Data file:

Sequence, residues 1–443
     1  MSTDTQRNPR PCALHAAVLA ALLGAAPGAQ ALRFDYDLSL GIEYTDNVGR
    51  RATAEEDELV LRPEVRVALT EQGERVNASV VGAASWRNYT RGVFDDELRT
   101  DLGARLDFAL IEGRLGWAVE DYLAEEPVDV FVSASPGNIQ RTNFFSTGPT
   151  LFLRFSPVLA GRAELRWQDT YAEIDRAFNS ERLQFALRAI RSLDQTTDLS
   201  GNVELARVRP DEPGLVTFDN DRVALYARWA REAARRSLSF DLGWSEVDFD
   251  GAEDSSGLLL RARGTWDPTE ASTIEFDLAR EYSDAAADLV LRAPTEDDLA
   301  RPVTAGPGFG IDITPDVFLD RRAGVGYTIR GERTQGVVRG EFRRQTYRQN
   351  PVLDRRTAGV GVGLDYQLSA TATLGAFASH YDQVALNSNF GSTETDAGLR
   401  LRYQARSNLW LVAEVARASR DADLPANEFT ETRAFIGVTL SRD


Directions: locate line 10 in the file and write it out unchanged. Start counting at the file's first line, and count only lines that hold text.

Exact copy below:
   401  LRYQARSNLW LVAEVARASR DADLPANEFT ETRAFIGVTL SRD